DJs such as Grand Wizard Theodore, Grandmaster Flash, and Jazzy Jay refined and developed the use of breakbeats, including cutting and scratching. The approach used by Herc was soon widely copied, and by the late 1970s DJs were releasing 12″ records where they would rap to the beat. Popular tunes included Kurtis Blow’s “The Breaks” and The Sugarhill Gang’s “Rapper’s Delight”. Herc and other DJs would connect their equipment to power lines and perform at venues such as public basketball courts and at 1520 Sedgwick Avenue, Bronx, New York, now officially a historic building. The equipment was composed of numerous speakers, turntables, and one or more microphones. By using this technique DJs could create a variety of music, but according to Rap Attack by David Toop “At its worst the technique could turn the night into one endless and inevitably boring song”. Nevertheless, the popularity of rap steadily increased.

Street gangs were prevalent in the poverty of the South Bronx, and much of the graffiti, rapping, and b-boying at these parties were all artistic variations on the competition and one-upmanship of street gangs. Sensing that gang members’ often violent urges could be turned into creative ones, Afrika Bambaataa founded the Zulu Nation, a loose confederation of street-dance crews, graffiti artists, and rap musicians. By the late 1970s, the culture had gained media attention, with Billboard magazine printing an article titled “B Beats Bombarding Bronx”, commenting on the local phenomenon and mentioning influential figures such as Kool Herc.

In late 1979, Debbie Harry of Blondie took Nile Rodgers of Chic to such an event, as the main backing track used was the break from Chic’s “Good Times”. The new style influenced Harry, and Blondie’s later hit single from 1981 “Rapture” became the first major single containing hip hop elements by a white group or artist to hit number one on the U.S. Billboard Hot 100—the song itself is usually considered new wave and fuses heavy pop music elements, but there is an extended rap by Harry near the end.

Hip hop as a culture was further defined in 1982, when Afrika Bambaataa and the Soulsonic Force released the seminal electro-funk track “Planet Rock”. Instead of simply rapping over disco beats, Bambaataa created an electronic sound, taking advantage of the rapidly improving drum machine Roland TB-303 synthesizer technology, as well as sampling from Kraftwerk.

Encompassing graffiti art, mc’ing/rapping, DJing and b-boying, hip hop became the dominant cultural movement of the minority populated urban communities in the 1980s. The 1980s also saw many artists make social statements through hip hop. In 1982, Melle Mel and Duke Bootee recorded “The Message” (officially credited to Grandmaster Flash and The Furious Five), a song that foreshadowed the socially conscious statements of Run-DMC’s “It’s like That” and Public Enemy’s “Black Steel in the Hour of Chaos”. During the 1980s, hip hop also embraced the creation of rhythm by using the human body, via the vocal percussion technique of beatboxing. Pioneers such as Doug E. Fresh, Biz Markie and Buffy from the Fat Boys made beats, rhythm, and musical sounds using their mouth, lips, tongue, voice, and other body parts. “Human Beatbox” artists would also sing or imitate turntablism scratching or other instrument sounds.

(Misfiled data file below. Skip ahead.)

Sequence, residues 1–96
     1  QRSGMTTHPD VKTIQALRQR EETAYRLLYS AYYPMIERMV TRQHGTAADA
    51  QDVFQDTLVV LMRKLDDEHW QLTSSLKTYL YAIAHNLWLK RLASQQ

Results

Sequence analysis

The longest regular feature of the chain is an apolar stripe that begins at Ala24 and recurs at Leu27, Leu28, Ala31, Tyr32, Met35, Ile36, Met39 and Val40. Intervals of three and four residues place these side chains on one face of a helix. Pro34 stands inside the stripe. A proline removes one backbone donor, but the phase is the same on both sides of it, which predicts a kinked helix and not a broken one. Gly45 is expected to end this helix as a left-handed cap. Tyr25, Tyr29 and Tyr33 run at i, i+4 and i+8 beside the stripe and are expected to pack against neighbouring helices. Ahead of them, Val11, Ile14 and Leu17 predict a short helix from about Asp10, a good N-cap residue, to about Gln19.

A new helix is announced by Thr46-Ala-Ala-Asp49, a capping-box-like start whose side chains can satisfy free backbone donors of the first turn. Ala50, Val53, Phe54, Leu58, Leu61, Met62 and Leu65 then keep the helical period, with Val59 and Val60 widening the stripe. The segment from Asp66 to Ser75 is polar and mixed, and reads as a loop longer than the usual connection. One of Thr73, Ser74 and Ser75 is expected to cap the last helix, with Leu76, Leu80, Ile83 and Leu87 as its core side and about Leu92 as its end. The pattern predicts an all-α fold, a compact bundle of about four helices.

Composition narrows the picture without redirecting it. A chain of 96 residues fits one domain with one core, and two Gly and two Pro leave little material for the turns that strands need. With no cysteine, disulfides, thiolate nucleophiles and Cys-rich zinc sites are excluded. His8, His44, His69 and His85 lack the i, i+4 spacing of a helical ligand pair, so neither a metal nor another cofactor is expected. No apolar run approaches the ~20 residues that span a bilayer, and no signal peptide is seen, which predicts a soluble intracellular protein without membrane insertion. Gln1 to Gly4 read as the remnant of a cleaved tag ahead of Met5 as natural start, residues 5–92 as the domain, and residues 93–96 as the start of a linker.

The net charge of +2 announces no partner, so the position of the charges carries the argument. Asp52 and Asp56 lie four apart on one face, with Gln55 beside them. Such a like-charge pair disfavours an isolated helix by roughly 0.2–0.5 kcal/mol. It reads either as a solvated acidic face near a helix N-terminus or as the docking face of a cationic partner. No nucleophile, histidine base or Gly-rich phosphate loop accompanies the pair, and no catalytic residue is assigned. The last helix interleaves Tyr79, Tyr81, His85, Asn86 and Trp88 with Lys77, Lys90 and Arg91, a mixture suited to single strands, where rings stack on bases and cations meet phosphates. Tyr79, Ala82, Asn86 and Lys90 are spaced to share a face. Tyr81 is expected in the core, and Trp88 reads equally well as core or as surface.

The appearance of music videos changed entertainment: they often glorified urban neighborhoods. The music video for “Planet Rock” showcased the subculture of hip hop musicians, graffiti artists, and b-boys/b-girls. Many hip hop-related films were released between 1982 and 1985, among them Wild Style, Beat Street, Krush Groove, Breakin, and the documentary Style Wars. These films expanded the appeal of hip hop beyond the boundaries of New York. By 1985, youth worldwide were embracing the hip hop culture. The hip hop artwork and “slang” of US urban communities quickly found its way to Europe, as the culture’s global appeal took root.

American society

Afrika Bambaataa with DJ Yutaka of Universal Zulu Nation in 2004

DJ Kool Herc’s house parties gained popularity and later moved to outdoor venues in order to accommodate more people. Hosted in parks, these outdoor parties became a means of expression and an outlet for teenagers, where “instead of getting into trouble on the streets, teens now had a place to expend their pent-up energy.”

Tony Tone, a member of the Cold Crush Brothers, noted that “hip hop saved a lot of lives”. Hip hop culture became a way of dealing with the hardships of life as minorities within America, and an outlet to deal with violence and gang culture. MC Kid Lucky mentions that “people used to break-dance against each other instead of fighting”.[broken citation] Inspired by DJ Kool Herc, Afrika Bambaataa created a street organization called Universal Zulu Nation, centered around hip hop, as a means to draw teenagers out of gang life and violence.